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P. 158, 1.9–13. Here's another ballad, Of a fish, etc.] Perhaps in later times prose has obtained a triumph over poetry, though in one of its meaniest departments; for all dying speeches, confessions, narratives of murders, executions, etc. seem anciently to have been written in verse. Whoever was hanged or bnrnt, a merry, or a lamentable ballad (for both rpithets are occasionally bestowed on these compositions,) was immediately entered on the books of the Company of Stationers. Thus, in a subsequent scene of this play : — ...Such a deal of wonder is broken out within this hour, that ballad-makers cannot be able to express it.” STE Evens. In 1604 was entered on the books of the Statio. ners' Company, "A strange reporte of a monstrous fish that appeared in the form of a woman, from her waist upward, seene in the sea." To this it is highly probable that Shakspeare alludes. MAL on E.
P. 158, i. 14. for – i.e. because. REED. . So, in Othello: ...Haply, for 1 am black." - 2VIAL on E. P. 159, l. 11. – sad –) For serious. Johnson. P. 159, 1.25. To utter. To bring out, or produce. - Jo HNS ON. To utter is a legal phrase often made use of in law proceedings and acts of Parliament, and signifies to vend , y retail. From many instances I shall select the first which occurs. Stat. 21. Jac. I. c. 3. declares that the provisions therein contained shall not prejudice certain letters patent or commission granted to a corporation ...concerning the licensing of the keeping of any tavern or taverns, or selling, uttering, or retailing of wines to be drunk or spent in the mansion-house of the party so selling or uttering the same.” REED.
See Minshen's Dict. 1617: ...An utterance, or
sale." MAL on E. P. 169, l. 30. Men of hair, are hairy men, or
satyrs. A dance of satyrs was no unusual entertainment in the middle ages. At a great festival celebrated in France, the King and some of the nobles personated satyrs dressed in close habits, tufted or shagged all over, to imitate hair. They began a wild dance, and in the tumult of their merriment one of them went too near a candle and set fire to his satyr's garb, the flame ran instantly over the loose tufts, and spread itself to the dress of those that were next him; a great number of the dancers werecruelly scorched, being neither able to throw off their coats nor extinguish them. The King had set himself in the lap of the Dutchess of Burgundy, who threw her robe over him and saved him. Johnson.
Melvil's Memoirs, p. 152, edit. 1755, bear additional testimony to the prevalence of this species of mummery. ~
The following copy of an illumination in a fine Ms. of Froissart's Chronicle preserved in the British Museum, will serve to illustrate Dr. Johnson's note, and to convey some idea, not only of the manner in which these hairy men were habited, but also of the rude simplicity of an ancient Ball-room and Masquerade. See the story at large in Froissart, B. LV. chap, lii, edit, 1559. DoucII.
P. 169, last 1, but one. —they call themselves saltiers :) He means Satyrs. Their dress was perhaps made of goat's skin. Cervantes mentions in the preface to his plays that in the time of an early Spanish writer, Lope de Rueda, ...all the furniture and utensils of the actors consisted of four shepherds' jerkins, made of the skins of sheep with the wool on , and adorned vih gilt leather trimming : four beards and periwigs, and four pastoral crooks; - little more or less.” Probably a similar shepherd's jerkin was used in our author's theatre. MAL on E. P. 149, last 1. – gallimaufry –) Cockeram, in his Lictionarie of hard words, 12mo, 1622, says, a gallimaufry is ...a confused heape of things together.” STEEv EN s. P. 160, l. 2. Bowling, I believe, is here a term for a dance of smooth motion, without great exertion of agility. Jo HNson. The allusion is not to a smooth dance, as Johnson supposes, but to the smoothness of a bowling green. - M. M. As on. P. 160, l. no. 11. – but jumps twelve foot and a Half by the squire.] i.e. by the foot-rule: Esquierre, Fr. MAL on E. P. 160, 1.17. 18. O, father, you'll know more of that hereafter. ) This is replied by the King in answer to the shepherd's saying, since these good men are pleased. WARBURT on. This dance which has intervened would take up too much time to preserve any connection between the two speeches. The line spoken by the King seems to be in reply to some unexpressed question from the old shepherd. Hirson. This is an answer to something which the Shepherd is supposed to have said to Polixenes during the dance. Vi. Mason.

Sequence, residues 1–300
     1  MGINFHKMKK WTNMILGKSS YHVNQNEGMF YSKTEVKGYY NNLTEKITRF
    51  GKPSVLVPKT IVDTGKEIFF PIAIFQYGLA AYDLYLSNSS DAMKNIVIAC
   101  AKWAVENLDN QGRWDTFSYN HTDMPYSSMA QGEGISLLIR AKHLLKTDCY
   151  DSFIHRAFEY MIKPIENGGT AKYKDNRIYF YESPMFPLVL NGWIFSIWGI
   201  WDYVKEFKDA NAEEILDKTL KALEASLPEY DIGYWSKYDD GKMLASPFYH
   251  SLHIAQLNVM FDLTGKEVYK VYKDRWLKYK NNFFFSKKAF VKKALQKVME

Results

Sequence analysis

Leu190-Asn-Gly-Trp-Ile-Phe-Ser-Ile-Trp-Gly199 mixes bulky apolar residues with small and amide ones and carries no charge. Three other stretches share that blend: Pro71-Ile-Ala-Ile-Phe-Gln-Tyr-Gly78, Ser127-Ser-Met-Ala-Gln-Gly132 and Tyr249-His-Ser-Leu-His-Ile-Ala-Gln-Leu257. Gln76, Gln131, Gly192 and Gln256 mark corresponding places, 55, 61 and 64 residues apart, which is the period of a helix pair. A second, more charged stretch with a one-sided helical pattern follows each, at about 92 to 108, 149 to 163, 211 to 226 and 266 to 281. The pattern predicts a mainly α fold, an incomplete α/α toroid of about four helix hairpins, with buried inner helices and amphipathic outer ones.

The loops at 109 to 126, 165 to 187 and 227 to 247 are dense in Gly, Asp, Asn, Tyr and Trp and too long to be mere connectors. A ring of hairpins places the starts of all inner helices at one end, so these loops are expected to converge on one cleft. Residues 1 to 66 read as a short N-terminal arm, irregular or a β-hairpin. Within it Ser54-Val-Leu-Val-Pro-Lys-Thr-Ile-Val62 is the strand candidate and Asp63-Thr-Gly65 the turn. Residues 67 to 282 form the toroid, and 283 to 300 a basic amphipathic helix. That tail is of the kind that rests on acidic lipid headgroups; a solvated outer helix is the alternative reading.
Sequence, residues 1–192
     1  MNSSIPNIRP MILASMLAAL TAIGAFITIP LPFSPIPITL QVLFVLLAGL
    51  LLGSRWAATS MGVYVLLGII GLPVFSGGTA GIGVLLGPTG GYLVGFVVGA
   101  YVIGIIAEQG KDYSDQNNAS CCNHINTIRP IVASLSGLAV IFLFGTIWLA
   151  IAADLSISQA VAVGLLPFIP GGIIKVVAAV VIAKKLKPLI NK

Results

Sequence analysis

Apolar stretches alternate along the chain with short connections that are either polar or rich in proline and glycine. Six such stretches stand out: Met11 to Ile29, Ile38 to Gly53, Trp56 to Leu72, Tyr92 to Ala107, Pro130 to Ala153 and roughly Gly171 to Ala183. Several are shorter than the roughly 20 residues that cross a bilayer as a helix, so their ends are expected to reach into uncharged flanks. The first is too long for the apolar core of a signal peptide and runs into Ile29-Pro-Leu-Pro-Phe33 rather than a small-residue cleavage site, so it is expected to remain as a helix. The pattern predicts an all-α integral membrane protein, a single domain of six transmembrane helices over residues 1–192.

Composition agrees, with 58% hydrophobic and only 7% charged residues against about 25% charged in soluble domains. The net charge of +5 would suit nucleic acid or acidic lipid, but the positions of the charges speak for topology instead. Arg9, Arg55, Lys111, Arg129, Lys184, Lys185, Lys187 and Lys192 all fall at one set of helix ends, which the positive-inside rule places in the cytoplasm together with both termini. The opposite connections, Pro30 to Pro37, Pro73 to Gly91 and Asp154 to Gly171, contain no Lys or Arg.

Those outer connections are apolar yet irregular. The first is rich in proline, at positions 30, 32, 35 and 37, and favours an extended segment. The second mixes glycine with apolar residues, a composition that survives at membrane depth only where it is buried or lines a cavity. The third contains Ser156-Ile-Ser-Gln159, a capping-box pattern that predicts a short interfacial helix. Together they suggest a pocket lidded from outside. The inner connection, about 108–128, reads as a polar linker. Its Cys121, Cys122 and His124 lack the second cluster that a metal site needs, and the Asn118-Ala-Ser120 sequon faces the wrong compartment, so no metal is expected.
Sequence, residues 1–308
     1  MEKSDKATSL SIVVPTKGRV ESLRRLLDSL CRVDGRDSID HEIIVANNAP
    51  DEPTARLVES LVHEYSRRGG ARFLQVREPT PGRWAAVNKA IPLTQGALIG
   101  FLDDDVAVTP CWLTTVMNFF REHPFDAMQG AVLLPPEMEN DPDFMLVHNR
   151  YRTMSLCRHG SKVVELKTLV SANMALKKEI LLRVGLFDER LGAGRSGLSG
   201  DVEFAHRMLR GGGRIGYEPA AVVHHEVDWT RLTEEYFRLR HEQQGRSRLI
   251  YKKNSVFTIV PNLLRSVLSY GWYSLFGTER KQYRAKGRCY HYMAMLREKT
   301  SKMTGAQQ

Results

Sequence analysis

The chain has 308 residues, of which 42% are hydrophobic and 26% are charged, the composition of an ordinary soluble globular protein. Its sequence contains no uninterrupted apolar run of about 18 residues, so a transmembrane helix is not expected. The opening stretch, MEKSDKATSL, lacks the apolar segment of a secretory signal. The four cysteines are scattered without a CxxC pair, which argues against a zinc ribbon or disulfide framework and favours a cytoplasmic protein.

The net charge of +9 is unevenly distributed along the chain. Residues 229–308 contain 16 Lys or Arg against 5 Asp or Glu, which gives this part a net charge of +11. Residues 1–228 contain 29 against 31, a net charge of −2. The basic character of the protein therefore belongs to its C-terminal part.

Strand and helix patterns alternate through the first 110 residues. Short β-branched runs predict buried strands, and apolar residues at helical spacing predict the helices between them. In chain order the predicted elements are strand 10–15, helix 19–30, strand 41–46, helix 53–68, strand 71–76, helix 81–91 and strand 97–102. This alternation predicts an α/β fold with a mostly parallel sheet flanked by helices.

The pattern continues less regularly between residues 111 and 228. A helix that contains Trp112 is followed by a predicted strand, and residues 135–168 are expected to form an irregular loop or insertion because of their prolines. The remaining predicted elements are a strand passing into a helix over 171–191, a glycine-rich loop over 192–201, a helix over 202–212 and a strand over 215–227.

P. 162, 1. 20. — dispute his own estate?] Perhaps for dispute we might read compute; but dispute his estate may be the same with talk over his affairs. Jo HNSON.
Does not this allude to the next heir suing for the estate in case of imbecillity, lunacy, etc. * CHAMIER.
It probably means — ...Can he assert and vindicate his right to his own property 3" M. MAson.
P. 163, l. 26, 27. Not hold thee of our blood, no not - our kin, Far than Deucalion off : ] I think for far than we should read far as. We will not hold thee of our kin even so far off as Deucalion the common ancestor of all. Jo HNs on.
The old reading farre, i. e. further, is the true one. The ancient commparative of fer was ferrer. See the Glof raries to Robert of Glocester and Robert of Brunne. This, in the time of Chaucer, was soft
ened into ferre. TYRw HITT.
P. 164, l. 3, 4. Per. Even here undone!
finely sustained. To have made her quite astonished at the King's discovery of himself had not become her birth; and to have given her presence of mind to have made this reply to the King, had not become her education. WARBURT on.
P. 146, l. 8. To look upon, without any substantive annexed, is a mode of expression, which, though movv unusual, appears to have been legitimate in Shakspeare's time. MAL on E.
To look upon, in more modern phrase, is to look